The eclipse is a moment in time when we stand face to face with our souls. It is in the positive sense a marker of our linear and relative movement through the void, a focal point for our outward vision. The duality of our world melds into a brief moment of unity—a moment of rest and reflection.
“If they ask you, ‘What is the evidence of your Father in you?’ say to them, It is motion and rest.” Gospel of Thomas 50
If the sun remains in full eclipse, life would wither and die without its warm nourishment. Motion must come into play once again or we would be consumed and destroyed by the void. In ancient times Celtic astronomers could predict when the next eclipse would occur. At that time, people performed a ritual to “force the dragon” to disgorge the sun.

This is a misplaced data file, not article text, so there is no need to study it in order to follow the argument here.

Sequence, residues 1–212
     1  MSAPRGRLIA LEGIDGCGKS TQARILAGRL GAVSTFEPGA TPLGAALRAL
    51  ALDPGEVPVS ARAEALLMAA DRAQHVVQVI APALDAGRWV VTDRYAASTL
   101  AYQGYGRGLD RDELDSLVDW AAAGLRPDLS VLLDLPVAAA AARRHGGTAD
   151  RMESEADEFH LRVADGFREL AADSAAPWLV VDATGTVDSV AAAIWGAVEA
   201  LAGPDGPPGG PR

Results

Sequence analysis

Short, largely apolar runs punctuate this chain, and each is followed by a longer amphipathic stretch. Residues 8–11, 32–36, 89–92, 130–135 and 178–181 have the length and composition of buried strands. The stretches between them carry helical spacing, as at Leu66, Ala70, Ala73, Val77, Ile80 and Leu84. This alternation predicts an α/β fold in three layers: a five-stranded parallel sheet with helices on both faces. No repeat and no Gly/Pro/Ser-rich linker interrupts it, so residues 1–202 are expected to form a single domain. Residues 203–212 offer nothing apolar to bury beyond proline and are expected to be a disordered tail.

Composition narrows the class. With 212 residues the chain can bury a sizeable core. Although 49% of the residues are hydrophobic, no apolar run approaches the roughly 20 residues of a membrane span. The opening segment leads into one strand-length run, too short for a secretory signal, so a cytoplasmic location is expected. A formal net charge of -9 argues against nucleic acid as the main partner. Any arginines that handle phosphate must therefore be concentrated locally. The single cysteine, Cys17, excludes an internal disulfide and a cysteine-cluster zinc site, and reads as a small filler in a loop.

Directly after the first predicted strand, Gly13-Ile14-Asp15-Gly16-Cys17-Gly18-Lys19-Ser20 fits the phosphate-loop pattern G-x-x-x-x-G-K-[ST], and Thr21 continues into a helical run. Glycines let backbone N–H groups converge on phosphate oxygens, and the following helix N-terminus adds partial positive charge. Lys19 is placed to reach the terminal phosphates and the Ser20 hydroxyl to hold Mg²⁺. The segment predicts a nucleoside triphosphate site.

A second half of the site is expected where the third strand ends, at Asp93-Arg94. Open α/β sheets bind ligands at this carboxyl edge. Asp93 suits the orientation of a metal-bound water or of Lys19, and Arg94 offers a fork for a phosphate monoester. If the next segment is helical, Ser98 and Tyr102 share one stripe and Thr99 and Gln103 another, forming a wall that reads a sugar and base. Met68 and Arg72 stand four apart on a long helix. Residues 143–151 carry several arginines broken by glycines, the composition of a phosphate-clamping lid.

For most of the eclipse, which lasts approximately one hour, the darkness of the moon slowly inches across the sun and one barely notices the decrease of light. As time approaches for the beginning of totality (the merging of the light and dark, the masculine and feminine, as polar opposites unite) the landscape quickly darkens. The dark shadow of the moon rushes with incredible speed towards the sun giving rise to primitive fears. Moments before the totality of the eclipse—the marriage between the sun and moon—a bright glow appears around the moon and a burst of light remaining at one edge gives off a diamond ring effect. The engagement before totality.